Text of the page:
The first inhabitants of these mountains were the indigenous Brazilians. There were no permanent European settlements in this region until the early 1700’s. The Portuguese crown was aware of gold in the northern area of Chapada Diamantina. By 1720 the government “legalized” gold mining, and this era lasted almost 200 years.
By 1732 the Portuguese knew there were diamonds to be found, but mining for them was prohibited as they were afraid of Spanish intervention. In 1844 a rich gravel of diamonds was discovered near the town of Mucugê. The diamonds attracted a lot of adventurers, cowboys and criminals. Lençóis, Mucugê and Andaraí were the most important booming diamond cities. A french consulate was even built in Lençóis. But by the late 1800’s the diamond boom had lost most of its steam. As a result most of these towns fell into decay.
In the early 1980’s the area was invaded by a new wave of mining operators who used big diesel-pumps to dredge river channels at the foot of the hills. Fortunately, officials from various federal and state environmental agencies closed down these mines in 1996.
In 1985 the National park was founded with the help of Roy Funch, an American biologist, who arrived in the area in 1978 and still lives here. At that time Lençóis was a sleepy, rundown little village and the last big mine ( with 300 workers) had been shut down. Most of the town’s young people migrated to big cities like Rio de Janeiro, Salvador or São Paulo.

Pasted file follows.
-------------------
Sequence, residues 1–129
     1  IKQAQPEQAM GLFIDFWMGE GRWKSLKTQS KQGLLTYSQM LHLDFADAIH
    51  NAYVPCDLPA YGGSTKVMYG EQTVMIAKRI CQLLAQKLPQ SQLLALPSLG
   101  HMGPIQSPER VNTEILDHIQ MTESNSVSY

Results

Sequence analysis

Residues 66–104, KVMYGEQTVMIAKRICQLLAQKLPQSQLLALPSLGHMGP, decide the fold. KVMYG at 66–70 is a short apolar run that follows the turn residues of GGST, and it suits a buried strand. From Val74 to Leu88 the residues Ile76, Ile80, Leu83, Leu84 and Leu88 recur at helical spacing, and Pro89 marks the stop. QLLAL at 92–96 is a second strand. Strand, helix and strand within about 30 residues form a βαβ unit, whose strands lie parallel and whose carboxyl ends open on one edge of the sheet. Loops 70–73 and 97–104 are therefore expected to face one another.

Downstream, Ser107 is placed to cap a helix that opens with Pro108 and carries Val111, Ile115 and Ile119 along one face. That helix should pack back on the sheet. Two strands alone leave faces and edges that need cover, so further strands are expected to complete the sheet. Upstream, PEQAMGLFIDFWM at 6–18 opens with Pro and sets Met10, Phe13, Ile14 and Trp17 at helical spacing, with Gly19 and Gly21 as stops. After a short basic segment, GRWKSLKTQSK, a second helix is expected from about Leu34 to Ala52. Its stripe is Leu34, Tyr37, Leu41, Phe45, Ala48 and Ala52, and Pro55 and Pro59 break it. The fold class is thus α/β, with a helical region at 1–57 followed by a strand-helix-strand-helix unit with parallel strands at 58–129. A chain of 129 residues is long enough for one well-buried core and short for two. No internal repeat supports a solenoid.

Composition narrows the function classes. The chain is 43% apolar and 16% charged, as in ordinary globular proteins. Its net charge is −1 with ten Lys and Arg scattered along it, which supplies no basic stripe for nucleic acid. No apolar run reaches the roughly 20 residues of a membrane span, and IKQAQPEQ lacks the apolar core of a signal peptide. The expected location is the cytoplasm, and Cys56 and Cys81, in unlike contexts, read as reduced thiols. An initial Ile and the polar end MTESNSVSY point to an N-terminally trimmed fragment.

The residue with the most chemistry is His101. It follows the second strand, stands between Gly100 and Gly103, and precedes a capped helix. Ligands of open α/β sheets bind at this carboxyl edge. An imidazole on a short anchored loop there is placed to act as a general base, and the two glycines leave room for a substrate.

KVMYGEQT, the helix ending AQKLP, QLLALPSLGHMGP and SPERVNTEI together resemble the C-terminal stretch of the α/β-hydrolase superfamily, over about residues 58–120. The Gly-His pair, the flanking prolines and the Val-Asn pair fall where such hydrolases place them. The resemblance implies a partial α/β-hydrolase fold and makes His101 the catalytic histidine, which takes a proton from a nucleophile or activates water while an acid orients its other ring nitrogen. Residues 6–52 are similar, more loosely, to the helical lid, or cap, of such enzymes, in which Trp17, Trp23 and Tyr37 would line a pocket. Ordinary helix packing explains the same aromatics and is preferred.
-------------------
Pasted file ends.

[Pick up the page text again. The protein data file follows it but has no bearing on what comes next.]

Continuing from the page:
Nowadays there are still a small number of individual miners trying their luck prospecting for diamonds the traditional way.
In the 1990’s Lençóis gained popularity each year with national and international tourists who were overwhelmed by its natural beauty. Some foreigners stayed and became part of the small town community of Lençóis. Nearby Vale Do Capão became the place to be for “hippies” and people choosing for an alternative lifestyle.
Today the town has great infrastructure with luxury hotels and less expensive comfortable pousadas, as well as dozens of restaurants and shops.